03, November 2017, came and went with most Indians going through routine chores. Few would have paused to reflect on the significance of the day for the country.
It was on this day the Major Somnath Sharma, an officer of 4 Kumaon of the Indian Army created history, in 1947, by stalling the Pakistan tribal invasion in Srinagar in the historic Battle of Budgam. Major Somnath Sharma laid down his life in the battle under such heroic circumstances that he was awarded the first Param Vir Chakra (PVC) in independent India.
The Battle of Budgam was the harbinger of a ruthless war. It lasted over two campaigning seasons (1947-48) and resulted in the rout of the tribal and regular forces sent by Pakistan to forcibly wrest from India the state of Jammu and Kashmir that had legally acceded to the Indian Dominion.
The war witnessed award of four more PVCs and many other gallantry awards to the brave Indian soldiers who fought against terrible odds. The brave recipients were Lance Naik Karam Singh, 1 Sikh, in the Battle of Tithwal, Second Lieutenant Rama Raghoba Rane, Corps of Engineers for the Battle of Jhangar and Naushera. Naik Jadunath Singh, 1 Rajput, for the defense of Naushera and Company Havildar Major Piru Singh, 6 Rajputana Rifles, for the Battle of Tithwal.
Also part of folklore is the bravery of Brigadier Rajendra Singh, Chief of Staff of the Jammu and Kashmir State Forces, who obeyed in letter and spirit and with his life the command of his Maharaja to hold the “enemy at Uri at all costs and to the last man.” Brigadier Rajendra Singh was the recipient of the first Maha Vir Chakra of independent India.
Any talk of bravery and courageous tenacity exhibited during the war would be incomplete without mention of Brigadier Mohammad Usman. At the time of partition he, like many other Muslim officers, declined to move to the Pakistan and continued to serve the Indian Army. Brigadier Usman was given the bait of becoming the Pakistan Army Chief, but he did not relent from his spirit of nationalism.
He was in command of 50 Parachute Brigade during the Indo-Pakistan war of 1947-48 and deployed in the Nowshera-Jhangar sector. For his feats of valour and defence of Nowshera he was nicknamed “Lion of Nowshera.” Jhangar fell to insurmountable odds to the Pakistani attack. Brigadier Usman vowed to take back the strategic location and did so within a period of three months.
He died on July 3, 1948 due to Artillery fire while defending Jhangar. He was awarded Maha Vir Chakra Posthumously and became the highest ranking Indian officer to have received this award during the war. His funeral was attended by Prime Minister Jawaharlal Nehru and his cabinet colleagues.
It merits mention here that the Indian Army fought the war in Jammu and Kashmir with full support of the local population inclusive of the Muslims, Dogra’s, Sikhs, Buddhists, Paharis and the many other communities who form part of the state. There was not even an inkling of separatist tendencies in that period of time.
Before the Indian army landed in Srinagar and opposed the tribal onslaught, the invading hordes had laid waste every living being that came their way. It was, however, in Baramulla that they surpassed all tenets of inhumanity. Baramulla was pillaged for four days. The men and children were tortured and killed while the women were raped and carried back as sex slaves. Even the Nuns of the Convent there were not spared; they were raped and killed ruthlessly.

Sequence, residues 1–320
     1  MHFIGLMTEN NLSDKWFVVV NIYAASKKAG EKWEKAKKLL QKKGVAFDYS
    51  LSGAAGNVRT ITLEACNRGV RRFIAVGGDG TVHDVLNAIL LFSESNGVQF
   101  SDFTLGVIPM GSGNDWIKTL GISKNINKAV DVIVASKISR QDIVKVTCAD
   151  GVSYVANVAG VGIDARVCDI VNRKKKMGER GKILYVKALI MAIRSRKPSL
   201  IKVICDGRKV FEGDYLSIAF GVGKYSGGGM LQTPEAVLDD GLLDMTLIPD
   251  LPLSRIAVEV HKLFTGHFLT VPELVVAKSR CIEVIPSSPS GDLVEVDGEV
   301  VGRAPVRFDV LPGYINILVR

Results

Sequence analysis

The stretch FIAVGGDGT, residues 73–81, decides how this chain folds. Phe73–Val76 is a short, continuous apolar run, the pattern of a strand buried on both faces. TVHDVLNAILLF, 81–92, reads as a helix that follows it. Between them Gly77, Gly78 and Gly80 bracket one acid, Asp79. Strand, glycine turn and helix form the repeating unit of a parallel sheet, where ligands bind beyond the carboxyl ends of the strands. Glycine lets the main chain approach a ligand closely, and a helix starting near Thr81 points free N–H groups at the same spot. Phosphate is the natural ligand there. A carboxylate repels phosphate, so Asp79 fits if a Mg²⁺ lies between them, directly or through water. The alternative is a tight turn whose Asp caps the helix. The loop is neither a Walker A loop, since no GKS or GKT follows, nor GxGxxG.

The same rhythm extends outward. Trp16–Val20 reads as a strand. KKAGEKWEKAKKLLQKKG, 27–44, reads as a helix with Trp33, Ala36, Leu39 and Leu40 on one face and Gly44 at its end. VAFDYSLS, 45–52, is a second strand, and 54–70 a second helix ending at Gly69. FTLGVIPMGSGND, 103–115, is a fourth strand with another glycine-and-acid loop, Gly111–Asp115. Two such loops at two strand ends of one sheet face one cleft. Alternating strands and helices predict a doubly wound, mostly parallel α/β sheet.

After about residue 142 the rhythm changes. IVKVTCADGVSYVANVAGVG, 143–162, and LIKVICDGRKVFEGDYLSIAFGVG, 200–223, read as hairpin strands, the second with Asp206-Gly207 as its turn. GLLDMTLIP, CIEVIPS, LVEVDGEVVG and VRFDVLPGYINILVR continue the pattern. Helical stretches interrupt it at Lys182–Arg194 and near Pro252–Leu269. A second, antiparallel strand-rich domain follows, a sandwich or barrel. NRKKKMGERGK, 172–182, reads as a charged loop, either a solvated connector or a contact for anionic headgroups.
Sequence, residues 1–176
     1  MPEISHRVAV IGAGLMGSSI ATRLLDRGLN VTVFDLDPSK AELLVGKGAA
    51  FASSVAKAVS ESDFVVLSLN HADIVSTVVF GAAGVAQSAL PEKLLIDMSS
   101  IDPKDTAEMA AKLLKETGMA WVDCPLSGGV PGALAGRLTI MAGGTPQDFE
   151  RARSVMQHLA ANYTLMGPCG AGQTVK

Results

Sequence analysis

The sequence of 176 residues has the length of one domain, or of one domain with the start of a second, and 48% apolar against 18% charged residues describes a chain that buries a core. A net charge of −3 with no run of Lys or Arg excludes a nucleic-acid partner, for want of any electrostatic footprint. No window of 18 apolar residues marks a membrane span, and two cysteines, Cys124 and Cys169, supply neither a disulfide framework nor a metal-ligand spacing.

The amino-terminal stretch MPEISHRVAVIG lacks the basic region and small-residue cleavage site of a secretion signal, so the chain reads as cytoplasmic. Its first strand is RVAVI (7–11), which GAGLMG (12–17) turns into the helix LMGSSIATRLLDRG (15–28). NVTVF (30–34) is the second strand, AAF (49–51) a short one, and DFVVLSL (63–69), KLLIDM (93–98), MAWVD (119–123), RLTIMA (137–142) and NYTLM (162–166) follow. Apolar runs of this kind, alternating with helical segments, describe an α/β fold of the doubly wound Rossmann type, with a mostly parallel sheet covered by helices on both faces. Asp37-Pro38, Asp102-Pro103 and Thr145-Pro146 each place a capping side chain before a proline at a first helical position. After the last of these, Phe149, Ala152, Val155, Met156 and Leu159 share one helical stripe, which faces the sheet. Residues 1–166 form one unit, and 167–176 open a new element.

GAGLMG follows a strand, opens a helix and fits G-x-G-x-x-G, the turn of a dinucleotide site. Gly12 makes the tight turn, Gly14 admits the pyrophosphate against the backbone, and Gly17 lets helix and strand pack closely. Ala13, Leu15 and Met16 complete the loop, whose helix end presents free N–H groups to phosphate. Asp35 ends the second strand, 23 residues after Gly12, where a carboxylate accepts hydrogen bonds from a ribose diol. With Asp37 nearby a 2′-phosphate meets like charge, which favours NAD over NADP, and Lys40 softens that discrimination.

The Kashmir Pundit community was identified for special treatment involving the most depraved form of torture and cruelty possible. Whole families committed mass suicide in the face of this brutal and merciless onslaught by jumping from rooftops or throwing themselves into the running waters of the Jhelum River.
Even under such terrible conditions, the human spirit prevailed. A 19-year-old boy, Maqbool Sherwani, went about on a cycle spreading a message that the Indian army was on the doors of Baramulla. This information stalled the march to Srinagar and literally saved the city from a fate even worse than that of Baramulla. When the Pakistanis realised that young Maqbool had misled them, they shot and crucified him. The young boy, with his courage and presence of mind, etched a place for himself in history for all times.
The Indian troops who fought the war had only the safety and security of the people of Jammu and Kashmir in mind. They did not know or care about how politics would play out in the long run. Their only concern was to ensure that the barbarians were thrown out in the shortest possible time without causing any further damage. In this they were singularly successful, but not without paying a heavy price including loss of lives of many soldiers.
If the Indian Army had not reacted the way it did, Srinagar would have been a huge, desolate graveyard and the history of the Kashmir valley would have changed forever. The people at that time were full of praise for the Indian forces as they are even today, except for a few anti-national elements.
Against this backdrop of courage and bravery that went into saving the state of Jammu and Kashmir, it is very unfortunate to see some vested interests distorting history and belittling the sacrifices of the brave soldiers and the many civilians brutally killed by the invading hordes.
The cult of separatism, divisiveness, and distortion that is being propagated by a minuscule segment of Kashmiri society is a blot on the face of the syncretic communities that constitute the state. It disrespects the great sacrifices made by the previous generations of the state to create a life for their off-springs in the democratic environment of the Indian Union.
It is necessary for the present generation to live up to the ideals that their forefathers and ensure that the sacrifices made do not go in vain.